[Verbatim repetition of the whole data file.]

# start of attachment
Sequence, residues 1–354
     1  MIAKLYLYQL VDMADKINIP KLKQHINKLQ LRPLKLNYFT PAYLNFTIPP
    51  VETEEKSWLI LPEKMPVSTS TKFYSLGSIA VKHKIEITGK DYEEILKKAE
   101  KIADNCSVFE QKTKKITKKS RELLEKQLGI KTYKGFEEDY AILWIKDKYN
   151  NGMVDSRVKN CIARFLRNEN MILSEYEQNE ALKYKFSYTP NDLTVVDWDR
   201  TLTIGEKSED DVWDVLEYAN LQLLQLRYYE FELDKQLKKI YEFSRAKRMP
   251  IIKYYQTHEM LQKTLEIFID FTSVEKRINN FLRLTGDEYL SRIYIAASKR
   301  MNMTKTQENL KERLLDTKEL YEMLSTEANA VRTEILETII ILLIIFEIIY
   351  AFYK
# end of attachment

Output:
Sequence, residues 1–354
     1  MIAKLYLYQL VDMADKINIP KLKQHINKLQ LRPLKLNYFT PAYLNFTIPP
    51  VETEEKSWLI LPEKMPVSTS TKFYSLGSIA VKHKIEITGK DYEEILKKAE
   101  KIADNCSVFE QKTKKITKKS RELLEKQLGI KTYKGFEEDY AILWIKDKYN
   151  NGMVDSRVKN CIARFLRNEN MILSEYEQNE ALKYKFSYTP NDLTVVDWDR
   201  TLTIGEKSED DVWDVLEYAN LQLLQLRYYE FELDKQLKKI YEFSRAKRMP
   251  IIKYYQTHEM LQKTLEIFID FTSVEKRINN FLRLTGDEYL SRIYIAASKR
   301  MNMTKTQENL KERLLDTKEL YEMLSTEANA VRTEILETII ILLIIFEIIY
   351  AFYK